In 1644, John Milton composed a pamphlet in which he argues for freedom of expression; areopagitica has been adopted as a term to describe the capacity for individual to compose and distribute any ideas they see fit. Digital tools, especially those called Web 2.0 tools have been interpreted as the realization of areopagetica and students can use these tools to extend and expand the audience of their works. They no longer create solely for their teachers, but they can create for global audiences. This changes the nature of writing and creating for students.
Areopagetica has been adopted by other creators as well, so the vast content available to educators and students includes accurate information from credible sources, fiction packaged as fact, as well as myths, misinterpretations, sarcasm presented as fact. These many variations fill the space between accurate and credible information and purse falsehood. This disparate information led Mark Dueze (2006), a scholar of media and journalism, to conclude the digital media landscape is filled with content creators who “juxtapose, challenge, or even subvert the mainstream” (p. 68) for a variety of reasons.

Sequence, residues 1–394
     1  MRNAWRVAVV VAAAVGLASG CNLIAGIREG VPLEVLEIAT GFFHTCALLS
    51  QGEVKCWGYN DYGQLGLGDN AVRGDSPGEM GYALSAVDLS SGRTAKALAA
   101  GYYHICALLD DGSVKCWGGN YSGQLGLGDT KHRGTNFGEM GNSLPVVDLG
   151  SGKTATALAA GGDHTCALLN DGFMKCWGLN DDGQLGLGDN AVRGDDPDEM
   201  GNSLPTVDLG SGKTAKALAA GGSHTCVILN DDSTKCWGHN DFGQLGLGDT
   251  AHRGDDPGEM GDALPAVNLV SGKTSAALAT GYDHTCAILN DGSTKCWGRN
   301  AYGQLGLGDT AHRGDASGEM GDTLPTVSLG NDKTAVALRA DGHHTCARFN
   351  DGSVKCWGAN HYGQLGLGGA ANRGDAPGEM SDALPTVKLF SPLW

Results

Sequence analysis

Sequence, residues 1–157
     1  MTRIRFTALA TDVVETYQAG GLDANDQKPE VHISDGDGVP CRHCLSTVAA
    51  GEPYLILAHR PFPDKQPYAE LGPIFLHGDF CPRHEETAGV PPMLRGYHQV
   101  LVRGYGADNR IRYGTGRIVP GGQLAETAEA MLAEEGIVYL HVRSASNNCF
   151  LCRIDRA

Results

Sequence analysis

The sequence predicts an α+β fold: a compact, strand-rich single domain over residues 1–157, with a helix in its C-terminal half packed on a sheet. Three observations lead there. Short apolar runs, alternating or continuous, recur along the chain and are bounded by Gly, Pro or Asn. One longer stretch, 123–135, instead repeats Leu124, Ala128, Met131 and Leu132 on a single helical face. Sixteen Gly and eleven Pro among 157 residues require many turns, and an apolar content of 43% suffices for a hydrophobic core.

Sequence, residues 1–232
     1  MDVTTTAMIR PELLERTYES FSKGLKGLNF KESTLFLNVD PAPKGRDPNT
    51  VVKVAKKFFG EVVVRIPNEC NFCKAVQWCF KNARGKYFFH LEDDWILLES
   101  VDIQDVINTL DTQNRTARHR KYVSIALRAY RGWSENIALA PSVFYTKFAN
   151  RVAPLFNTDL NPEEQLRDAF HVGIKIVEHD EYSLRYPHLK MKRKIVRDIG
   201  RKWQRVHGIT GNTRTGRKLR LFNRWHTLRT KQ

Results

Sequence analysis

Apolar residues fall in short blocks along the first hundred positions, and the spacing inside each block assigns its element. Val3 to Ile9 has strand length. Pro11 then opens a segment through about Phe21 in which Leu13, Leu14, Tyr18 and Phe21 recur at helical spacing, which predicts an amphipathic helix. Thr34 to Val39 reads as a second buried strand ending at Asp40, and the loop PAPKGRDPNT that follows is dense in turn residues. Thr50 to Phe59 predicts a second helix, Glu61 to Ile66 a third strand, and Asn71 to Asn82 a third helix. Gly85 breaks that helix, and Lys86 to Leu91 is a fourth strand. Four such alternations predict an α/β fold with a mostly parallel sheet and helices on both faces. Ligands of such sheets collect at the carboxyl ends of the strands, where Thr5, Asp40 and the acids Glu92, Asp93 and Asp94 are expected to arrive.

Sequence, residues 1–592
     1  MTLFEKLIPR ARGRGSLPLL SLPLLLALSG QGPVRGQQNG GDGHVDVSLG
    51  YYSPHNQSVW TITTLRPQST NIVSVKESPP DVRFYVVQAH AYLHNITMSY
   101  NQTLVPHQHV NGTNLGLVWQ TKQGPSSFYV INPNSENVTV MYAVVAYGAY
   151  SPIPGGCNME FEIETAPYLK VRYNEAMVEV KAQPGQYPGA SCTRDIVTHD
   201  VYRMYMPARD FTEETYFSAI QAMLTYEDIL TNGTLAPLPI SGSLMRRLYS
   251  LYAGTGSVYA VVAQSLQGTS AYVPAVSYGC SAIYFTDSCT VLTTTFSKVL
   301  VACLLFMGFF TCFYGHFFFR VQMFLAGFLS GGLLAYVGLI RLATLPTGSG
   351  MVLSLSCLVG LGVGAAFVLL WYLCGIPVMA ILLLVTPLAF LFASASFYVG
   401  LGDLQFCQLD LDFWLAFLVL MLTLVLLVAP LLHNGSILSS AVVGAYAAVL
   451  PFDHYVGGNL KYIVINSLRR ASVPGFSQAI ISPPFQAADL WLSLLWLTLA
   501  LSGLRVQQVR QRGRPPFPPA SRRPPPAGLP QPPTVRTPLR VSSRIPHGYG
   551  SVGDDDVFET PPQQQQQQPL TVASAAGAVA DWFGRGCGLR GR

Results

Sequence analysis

In a 2016 report on science communication, the National Academies noted a study in which 40% of American reported they get science news from Facebook. This contributed to the Committee on the Science of Science and Science Communication (2016) to observe,
there are more actors in the media landscape who may, either intentionally or unintentionally, provide inaccurate science information. While today’s science media landscape is likely larger than the declining mass media/newspaper-delivery system of the past, it does not offer clear mechanisms for filtering out false, sensational, and misleading information. More than ever before, citizens are left to their own devices as they struggle to determine whom to trust and what to believe about science-related controversies (p. 4-2).